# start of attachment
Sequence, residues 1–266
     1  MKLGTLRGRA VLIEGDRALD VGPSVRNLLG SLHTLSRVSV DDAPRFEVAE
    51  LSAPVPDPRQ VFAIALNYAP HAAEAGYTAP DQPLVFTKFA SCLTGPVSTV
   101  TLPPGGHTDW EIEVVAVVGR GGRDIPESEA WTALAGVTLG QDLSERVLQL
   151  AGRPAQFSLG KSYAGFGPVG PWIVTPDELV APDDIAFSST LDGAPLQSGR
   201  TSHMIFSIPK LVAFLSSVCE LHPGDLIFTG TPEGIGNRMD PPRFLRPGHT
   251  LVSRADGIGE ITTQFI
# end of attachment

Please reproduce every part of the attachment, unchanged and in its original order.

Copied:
Sequence, residues 1–266
     1  MKLGTLRGRA VLIEGDRALD VGPSVRNLLG SLHTLSRVSV DDAPRFEVAE
    51  LSAPVPDPRQ VFAIALNYAP HAAEAGYTAP DQPLVFTKFA SCLTGPVSTV
   101  TLPPGGHTDW EIEVVAVVGR GGRDIPESEA WTALAGVTLG QDLSERVLQL
   151  AGRPAQFSLG KSYAGFGPVG PWIVTPDELV APDDIAFSST LDGAPLQSGR
   201  TSHMIFSIPK LVAFLSSVCE LHPGDLIFTG TPEGIGNRMD PPRFLRPGHT
   251  LVSRADGIGE ITTQFI